The foundation of your health lies in your gut. It is responsible for the majority of your immune system and is a primary synthesis of serotonin, the mood hormone. When your gut health is compromised, it can have negative influences on your overall well-being.  

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Everything you consume directly impacts your overall health and influences your risk of diabetes, heart disease, cancer, and obesity. Inside our intestines lies a complex microbiome of beneficial and harmful bacteria, viruses, fungi, and parasites. Our microbiome breaks down the foods we are unable to digest and uses it for their energy to produce byproducts of gases, vitamins, and short-chain fatty acids.  

Dr. Linda Eller, DO is a board certified, Concierge Family Medicine Physician with Center for Executive Health.

Ideally you want a thriving population of beneficial microorganisms while minimizing harmful ones.  A healthy, balanced gut provides the ultimate reduction in intestinal inflammation leading to a strong immune system. When there is an overgrowth of harmful microorganisms or a deficiency of beneficial bacteria or loss of overall diversity it is called gut dysbiosis.  

Causes of gut dysbiosis:  Two major causes of gut dysbiosis include our diet and antibiotic use. Diets high in sugar, trans fat and saturated fat can switch our gut biome to organisms that thrive in that environment leading to obesity and diabetes. Diets low in diverse vegetables and fruits lack vital nutrients like fiber, Vitamin C, and B vitamins needed to feed the healthy microbiome. Taking antibiotics not only addresses the specific infection it is intended for but can also diminish the population of beneficial gut bacteria, leading to gut microbiome imbalances, fostering the proliferation of harmful bacteria and yeast. Examples include SIBO, C. Diff and Candida yeast infections.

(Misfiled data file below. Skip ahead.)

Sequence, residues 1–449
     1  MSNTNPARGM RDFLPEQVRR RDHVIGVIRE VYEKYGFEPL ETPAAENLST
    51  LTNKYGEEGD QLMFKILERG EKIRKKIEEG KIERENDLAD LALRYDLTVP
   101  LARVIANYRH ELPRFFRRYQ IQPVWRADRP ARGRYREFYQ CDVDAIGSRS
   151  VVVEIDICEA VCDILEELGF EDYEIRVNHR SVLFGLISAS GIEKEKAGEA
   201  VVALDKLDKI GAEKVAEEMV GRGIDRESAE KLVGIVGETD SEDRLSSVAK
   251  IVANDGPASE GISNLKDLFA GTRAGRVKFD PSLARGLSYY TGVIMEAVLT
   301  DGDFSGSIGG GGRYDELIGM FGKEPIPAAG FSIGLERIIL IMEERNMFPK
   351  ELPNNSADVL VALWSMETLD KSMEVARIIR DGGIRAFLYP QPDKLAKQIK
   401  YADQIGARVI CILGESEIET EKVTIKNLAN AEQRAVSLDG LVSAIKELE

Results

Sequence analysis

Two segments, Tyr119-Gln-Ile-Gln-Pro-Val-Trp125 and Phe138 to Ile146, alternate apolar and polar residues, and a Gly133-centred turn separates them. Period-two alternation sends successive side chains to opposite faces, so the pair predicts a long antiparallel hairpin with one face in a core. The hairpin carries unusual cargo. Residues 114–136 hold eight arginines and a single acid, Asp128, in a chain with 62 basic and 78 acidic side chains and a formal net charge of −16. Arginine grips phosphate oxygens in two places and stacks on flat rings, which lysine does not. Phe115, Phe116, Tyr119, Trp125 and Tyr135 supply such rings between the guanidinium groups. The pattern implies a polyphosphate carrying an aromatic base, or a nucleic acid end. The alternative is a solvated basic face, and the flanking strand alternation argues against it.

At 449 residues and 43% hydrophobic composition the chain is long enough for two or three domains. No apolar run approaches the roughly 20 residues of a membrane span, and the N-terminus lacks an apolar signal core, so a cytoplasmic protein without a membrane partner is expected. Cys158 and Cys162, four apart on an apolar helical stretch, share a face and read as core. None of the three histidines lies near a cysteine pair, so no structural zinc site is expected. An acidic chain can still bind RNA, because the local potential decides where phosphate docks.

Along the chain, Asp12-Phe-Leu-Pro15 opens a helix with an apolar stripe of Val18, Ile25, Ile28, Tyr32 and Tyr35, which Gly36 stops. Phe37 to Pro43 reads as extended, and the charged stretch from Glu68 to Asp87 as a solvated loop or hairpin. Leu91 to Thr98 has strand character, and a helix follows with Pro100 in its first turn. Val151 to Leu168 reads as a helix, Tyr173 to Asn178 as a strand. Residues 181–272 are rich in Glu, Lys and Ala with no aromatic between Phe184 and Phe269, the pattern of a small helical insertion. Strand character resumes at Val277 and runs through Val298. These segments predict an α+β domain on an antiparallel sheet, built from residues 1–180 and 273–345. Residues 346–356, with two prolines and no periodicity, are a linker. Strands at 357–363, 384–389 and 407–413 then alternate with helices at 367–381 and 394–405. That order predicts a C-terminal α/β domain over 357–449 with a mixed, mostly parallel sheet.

Symptoms of gut dysbiosis: Symptoms are often vague. Symptoms may include: Gas, bloating, nausea, heart burn, constipation, diarrhea, bad breath, abdominal cramps, fatigue, acne, eczema, mood changes or concentration issues.   

Improve gut health with food: It is possible to change your gut health by changing your diet. Eaten daily, fermented foods offer vital beneficial bacteria. Examples include Greek yogurt, kefir, sauerkraut, kimchi kombucha, and fermented pickles. Fruits and vegetables can provide vitamins, minerals and fiber to fuel our healthy microbiome. Gut supportive produce include: brussels sprouts, broccoli, cauliflower, kale, arugula, garlic, leeks, berries, apples, avocado and kiwi. The Mediterranean diet is an example of a healthy diet. It focuses on plant-based foods, high fiber, fish, nuts, and seeds and is low in carbohydrates, red meat, processed foods and sugar.  

Improve gut health with prebiotics and probiotics: Prebiotics fuel your gut with nutrients to support a healthy microbiome. Probiotics are beneficial bacteria to promote gut health and would be combined with diet modifications if you are suffering from a higher level of gut dysbiosis. Probiotics are most often over the counter, but there are some advanced custom manufactured probiotics now on the market. It is encouraged to work with a trained medical provider to discuss which prebiotics and probiotics would be best suited for you.   

This is a small glimpse regarding gut health and treatment options. Your gut health is unique as you are. Consult your medical provider to discuss gut health and specific recommendations.  

Editor’s note: This article is brought to you in collaboration with Scottsdale Professionals Collective.

Author: Dr. Linda Eller, DO is a board certified, Concierge Family Medicine Physician with Center for Executive Health. She offers comprehensive personalized care to her patients with a fusion of both Traditional and Functional Medicine. Learn more about Dr. Eller by visiting: